I wonder if Rebel's legal team have created a template to prove defamation by media?
Interesting Herald Sun article:
How Rebel Wilson proved she’s not a ‘serial liar’ and won her case
Shannon Deery, Herald Sun
REBEL Wilson’s emphatic defamation victory against Bauer Media left many people asking one question: how did she do it?
Her epic take-down of what she dubbed a “toxic” culture of journalism at Bauer’s various magazines was yesterday being applauded by a raft of celebrities including Russell Crowe, Shane Warne and Lleyton Hewitt.
But still people were asking how she won.
When Woman’s Day published the May 2015 “expose” that sparked Wilson’s lawsuit it claimed to blow the lid on a string of secret details about her.
Until then she had been known internationally as Rebel Wilson, a breakout Hollywood star from the Australian burbs, people believed was about 29.
In fact, Woman’s Day told us, she was Melanie Bownds, she was 36, and she didn’t grow up in a ghetto. True, true and true.
So how did Rebel win?
Her claim was simple: she was the victim of tall poppy syndrome and a cruel campaign by Bauer to bring her down.
All Rebel had to do was convince the jury this was true.
The eight articles Wilson sued over were published in Bauer magazines Woman’s Day, Australian Women’s Weekly, OK! Magazine and New Weekly.
But it was the first Woman’s Day article that dominated her case, with her claim that its imputation she was a serial liar had sullied her name in Hollywood.
When she should have been commanding at least $5 million a film, she couldn’t get a job.
She was sacked from two major Hollywood films in the fallout of that first article, and had since struggled to land any significant work.
The article, and seven that followed, was malicious, aimed to hurt and humiliate her and had negatively impacted her career, she said.
Rebel Wilson speaks to the media after win. Picture: Scott Barbour/Getty Images
The jury’s job, as Wilson’s lawyer Matthew Collins, QC, told them, was to determine what the average reader would have made of that article, and the seven that followed.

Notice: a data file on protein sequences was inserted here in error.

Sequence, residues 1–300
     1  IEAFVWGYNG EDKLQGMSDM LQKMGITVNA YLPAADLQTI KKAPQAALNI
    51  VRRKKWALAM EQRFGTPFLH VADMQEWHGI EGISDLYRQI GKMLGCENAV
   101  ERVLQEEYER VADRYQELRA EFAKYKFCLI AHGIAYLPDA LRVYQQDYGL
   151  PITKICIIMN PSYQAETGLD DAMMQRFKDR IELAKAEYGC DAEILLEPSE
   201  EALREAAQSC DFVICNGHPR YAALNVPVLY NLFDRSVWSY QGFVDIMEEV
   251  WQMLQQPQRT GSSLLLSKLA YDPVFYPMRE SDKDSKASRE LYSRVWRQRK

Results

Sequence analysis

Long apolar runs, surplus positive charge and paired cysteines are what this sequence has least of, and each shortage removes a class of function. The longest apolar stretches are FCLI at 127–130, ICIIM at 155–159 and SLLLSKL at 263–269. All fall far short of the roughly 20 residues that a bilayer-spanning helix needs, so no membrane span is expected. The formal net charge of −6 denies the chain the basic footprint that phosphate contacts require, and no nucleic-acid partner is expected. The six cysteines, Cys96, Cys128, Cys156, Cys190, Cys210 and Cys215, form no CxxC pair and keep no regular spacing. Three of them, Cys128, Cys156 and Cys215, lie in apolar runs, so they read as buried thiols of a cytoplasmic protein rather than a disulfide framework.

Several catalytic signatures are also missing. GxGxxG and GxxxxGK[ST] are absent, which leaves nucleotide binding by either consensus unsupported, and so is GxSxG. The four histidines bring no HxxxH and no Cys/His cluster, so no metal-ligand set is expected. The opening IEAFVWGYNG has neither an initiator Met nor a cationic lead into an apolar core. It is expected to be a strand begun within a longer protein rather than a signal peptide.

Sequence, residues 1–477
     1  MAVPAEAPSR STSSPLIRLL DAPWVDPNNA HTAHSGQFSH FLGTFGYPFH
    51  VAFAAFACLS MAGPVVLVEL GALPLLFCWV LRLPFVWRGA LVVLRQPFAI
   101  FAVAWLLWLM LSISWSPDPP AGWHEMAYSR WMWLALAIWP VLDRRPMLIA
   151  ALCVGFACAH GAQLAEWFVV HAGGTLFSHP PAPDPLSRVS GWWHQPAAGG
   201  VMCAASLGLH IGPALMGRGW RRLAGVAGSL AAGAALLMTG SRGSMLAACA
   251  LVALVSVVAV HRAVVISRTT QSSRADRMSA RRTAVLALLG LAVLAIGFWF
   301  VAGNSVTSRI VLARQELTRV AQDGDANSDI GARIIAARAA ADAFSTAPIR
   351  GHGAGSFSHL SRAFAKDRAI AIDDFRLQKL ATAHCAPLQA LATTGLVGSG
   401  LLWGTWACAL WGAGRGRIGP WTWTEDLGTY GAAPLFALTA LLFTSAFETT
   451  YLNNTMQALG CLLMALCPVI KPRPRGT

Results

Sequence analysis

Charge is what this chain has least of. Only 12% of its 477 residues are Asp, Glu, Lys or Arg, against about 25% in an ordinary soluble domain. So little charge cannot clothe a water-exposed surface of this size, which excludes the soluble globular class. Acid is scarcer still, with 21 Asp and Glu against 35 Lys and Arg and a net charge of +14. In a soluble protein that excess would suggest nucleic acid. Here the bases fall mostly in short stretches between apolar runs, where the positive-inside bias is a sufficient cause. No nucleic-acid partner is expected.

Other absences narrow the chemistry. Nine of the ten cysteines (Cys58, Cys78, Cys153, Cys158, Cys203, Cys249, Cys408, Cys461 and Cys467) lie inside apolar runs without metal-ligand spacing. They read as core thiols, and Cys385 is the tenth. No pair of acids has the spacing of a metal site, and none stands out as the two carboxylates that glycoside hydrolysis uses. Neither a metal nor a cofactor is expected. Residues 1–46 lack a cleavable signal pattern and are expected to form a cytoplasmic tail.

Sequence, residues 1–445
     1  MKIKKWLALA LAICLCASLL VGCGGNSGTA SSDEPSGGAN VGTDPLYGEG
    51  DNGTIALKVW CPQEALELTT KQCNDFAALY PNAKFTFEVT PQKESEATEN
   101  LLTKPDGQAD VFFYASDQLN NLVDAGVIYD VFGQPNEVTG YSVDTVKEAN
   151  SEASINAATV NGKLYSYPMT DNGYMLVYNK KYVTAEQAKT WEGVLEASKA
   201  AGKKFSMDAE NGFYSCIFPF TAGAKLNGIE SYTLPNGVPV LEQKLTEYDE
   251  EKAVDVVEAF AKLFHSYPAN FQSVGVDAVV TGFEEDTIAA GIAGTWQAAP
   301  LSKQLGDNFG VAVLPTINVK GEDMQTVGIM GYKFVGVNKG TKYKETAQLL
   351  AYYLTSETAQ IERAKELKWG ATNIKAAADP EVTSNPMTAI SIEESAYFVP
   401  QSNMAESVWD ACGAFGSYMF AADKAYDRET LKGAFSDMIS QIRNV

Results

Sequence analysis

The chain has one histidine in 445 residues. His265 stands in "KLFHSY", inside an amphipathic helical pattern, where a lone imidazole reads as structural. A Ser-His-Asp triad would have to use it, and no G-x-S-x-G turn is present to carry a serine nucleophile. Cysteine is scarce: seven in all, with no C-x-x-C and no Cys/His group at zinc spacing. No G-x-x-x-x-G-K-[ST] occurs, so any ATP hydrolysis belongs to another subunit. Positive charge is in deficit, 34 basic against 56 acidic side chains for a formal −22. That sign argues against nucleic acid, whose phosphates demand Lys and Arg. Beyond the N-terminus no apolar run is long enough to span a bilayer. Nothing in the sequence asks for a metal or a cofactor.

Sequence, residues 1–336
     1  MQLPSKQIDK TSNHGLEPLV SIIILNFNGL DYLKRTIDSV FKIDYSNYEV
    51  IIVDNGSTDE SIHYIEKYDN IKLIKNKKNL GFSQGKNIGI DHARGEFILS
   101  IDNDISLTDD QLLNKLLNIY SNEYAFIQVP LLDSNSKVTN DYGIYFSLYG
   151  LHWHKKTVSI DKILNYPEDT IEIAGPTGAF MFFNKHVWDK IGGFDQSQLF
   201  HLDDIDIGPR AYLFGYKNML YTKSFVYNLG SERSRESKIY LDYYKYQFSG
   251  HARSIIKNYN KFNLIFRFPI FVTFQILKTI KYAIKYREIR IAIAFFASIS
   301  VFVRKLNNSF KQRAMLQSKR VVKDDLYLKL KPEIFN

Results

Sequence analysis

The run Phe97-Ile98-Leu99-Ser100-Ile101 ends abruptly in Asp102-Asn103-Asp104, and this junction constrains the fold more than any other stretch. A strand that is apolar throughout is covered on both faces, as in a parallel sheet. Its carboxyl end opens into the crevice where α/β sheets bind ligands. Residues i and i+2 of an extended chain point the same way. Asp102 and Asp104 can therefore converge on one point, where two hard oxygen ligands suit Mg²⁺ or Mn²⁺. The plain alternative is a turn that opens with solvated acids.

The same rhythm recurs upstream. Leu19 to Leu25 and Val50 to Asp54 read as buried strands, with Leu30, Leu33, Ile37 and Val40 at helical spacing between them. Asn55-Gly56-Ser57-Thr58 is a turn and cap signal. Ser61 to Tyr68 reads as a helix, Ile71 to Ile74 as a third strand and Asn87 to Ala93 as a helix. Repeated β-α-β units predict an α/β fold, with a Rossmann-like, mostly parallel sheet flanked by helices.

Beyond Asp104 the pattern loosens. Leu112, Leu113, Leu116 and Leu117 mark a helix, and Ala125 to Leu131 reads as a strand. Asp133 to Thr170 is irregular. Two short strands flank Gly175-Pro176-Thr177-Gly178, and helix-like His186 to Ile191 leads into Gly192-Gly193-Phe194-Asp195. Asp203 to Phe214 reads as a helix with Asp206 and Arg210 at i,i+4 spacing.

“Your job is to decide what is this article really saying to ordinary reasonable readers of the Woman’s Day?” he said in closing her case.
“We say obviously, respectfully beyond argument, it’s saying that Rebel Wilson is a serial liar; she portrays herself one way, she tells these outlandish stories about the life she leads, but the truth is very different.
“Someone who tells one thing when the truth is another is a liar.
‘Someone who does it so many times, as alleged in this article…is a serial liar, and that is how ordinary people, we submit to you, will have understood this article.”
There were nine matters Bauer Media and Shari Nementzik, the author of the article, accused Rebel of lying about.
But when it came to trial, Bauer did not suggest Wilson had lied about six of them.
They argued only that she’d lied about her age, name and upbringing.
She told the jury her real name was always meant to be Rebel Wilson, until her mum buckled to family pressure, she’d stopped disclosing her age to journalists years ago, and her claims she grew up in the ghetto were purely comedic.
When the jury retired to deliberate on Wednesday morning they were armed with a 13-page document of eight questions to which they simply had to answer yes, or no.
They were asked to assess each of the articles, and whether they had defamed Wilson in the way she claimed.
They weren’t asked to rule specifically on her claims versus those made by Bauer.
But by their verdict they had to have accepted Wilson as a truthful witness.
She didn’t need to prove her link to Walt Disney. That unsubstantiated claim remains unproven.
She didn’t need to prove she decided to pursue an acting career after hallucinating an Oscar speech while ill in Africa.
She simply had to prove she was an honest person who had been ruined by lies.
“Why was Bauer Media, with all of its worldwide resources, unable to identify a single person anywhere in the world to whom the supposed lie had been said - a friend, a former friend, a colleague, an agent, a producer, a publicist, a member of the public, anyone?” Dr Collins asked the jury.
“This proceeding has been reported in the press every day over the past three weeks. Why hasn’t someone come out of the woodwork to corroborate this allegation that Rebel Wilson is a liar?
“The reason why they came up with nothing, of course, is obvious. Rebel Wilson has not lied.”
Dr Collins said the jury had a chance to send a message to the magazine injury that its practices were unacceptable.
It was never ok to publish articles based on the claims of a single anonymous source with an axe to grind.
That it was not ok to quote selectively from other newspapers and to pass it off as research, or to fail to offer a right of reply.
“And to send a message that it is not all right, when you know you have no defence, to dig in and refuse to correct and apologise and to bully and intimidate in the courtroom and to make wild accusations of perjury against the plaintiff and her family,” he said.
“We urge you to send a message to Bauer Media. Hold them accountable.”
The jury took their chance.